In the current series of posts I’ll be discussing the treatment of pain and how this creates difficulties for effective assessment, using the SOAP method for doctors’ diagnosis. It seems though that before becoming fully immersed in these discussions, it would be useful to be clear about our terms. What exactly is pain, anyway?
The International Association for the Study of Pain (IASP) defines pain as, “An unpleasant sensory and emotional experience associated with actual or potential tissue damage, or described in terms of such.” Note that, by definition, pain is always subjective. Each of us learns the application of the term through experiences related to injury in early life. Pain is that experience we associate with actual or potential tissue damage. “It is unquestionably a sensation in part or parts of the body, and it is always unpleasant – and therefore it is also an emotional experience.” (IASP LINK TO SOURCE)
Unpleasant, abnormal experiences, “dysesthesia,” are not necessarily painful by IASP’s definition, because they may not have the usual sensory qualities of pain. This means that pain perception is conditioned. In certain circumstances stimuli not normally perceived as painful can be recorded as extremely painful. Alterations in the central nervous system (neural sensitization) have also been suggested as an explanation for the persistence of pain. (Purves, 2004, pp.209- 228)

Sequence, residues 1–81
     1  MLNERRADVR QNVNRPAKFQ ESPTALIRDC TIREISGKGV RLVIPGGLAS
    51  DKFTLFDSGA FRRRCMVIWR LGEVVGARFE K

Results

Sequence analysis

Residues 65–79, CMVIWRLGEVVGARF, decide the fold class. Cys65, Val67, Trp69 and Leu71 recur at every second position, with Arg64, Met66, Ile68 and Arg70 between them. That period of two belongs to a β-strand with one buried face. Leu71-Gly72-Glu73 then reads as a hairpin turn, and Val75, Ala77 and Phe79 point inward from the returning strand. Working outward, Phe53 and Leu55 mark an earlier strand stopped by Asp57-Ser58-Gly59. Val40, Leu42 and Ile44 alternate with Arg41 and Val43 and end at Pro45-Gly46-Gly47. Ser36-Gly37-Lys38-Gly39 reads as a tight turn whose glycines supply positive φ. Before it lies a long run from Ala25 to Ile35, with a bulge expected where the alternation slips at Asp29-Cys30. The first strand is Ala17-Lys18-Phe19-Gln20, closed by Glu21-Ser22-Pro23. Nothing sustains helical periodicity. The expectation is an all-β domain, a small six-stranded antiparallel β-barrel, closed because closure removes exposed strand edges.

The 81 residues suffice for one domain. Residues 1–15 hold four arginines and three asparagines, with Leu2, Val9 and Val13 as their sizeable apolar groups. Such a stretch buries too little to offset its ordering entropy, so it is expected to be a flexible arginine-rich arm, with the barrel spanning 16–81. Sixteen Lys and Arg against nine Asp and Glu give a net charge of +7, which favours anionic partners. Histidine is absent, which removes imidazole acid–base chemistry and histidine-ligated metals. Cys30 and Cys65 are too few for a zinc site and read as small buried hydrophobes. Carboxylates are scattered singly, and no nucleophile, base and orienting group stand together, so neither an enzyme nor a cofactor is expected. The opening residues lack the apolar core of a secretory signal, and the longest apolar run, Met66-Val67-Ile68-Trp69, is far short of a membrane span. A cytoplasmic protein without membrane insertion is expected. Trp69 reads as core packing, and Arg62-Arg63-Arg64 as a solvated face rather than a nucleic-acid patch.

So, then, if pain is subjective, and subject to varying forms of experience and perception, perhaps the next question that needs to be addressed is how precisely do we register pain. I’ll address that question in my next post. See you then.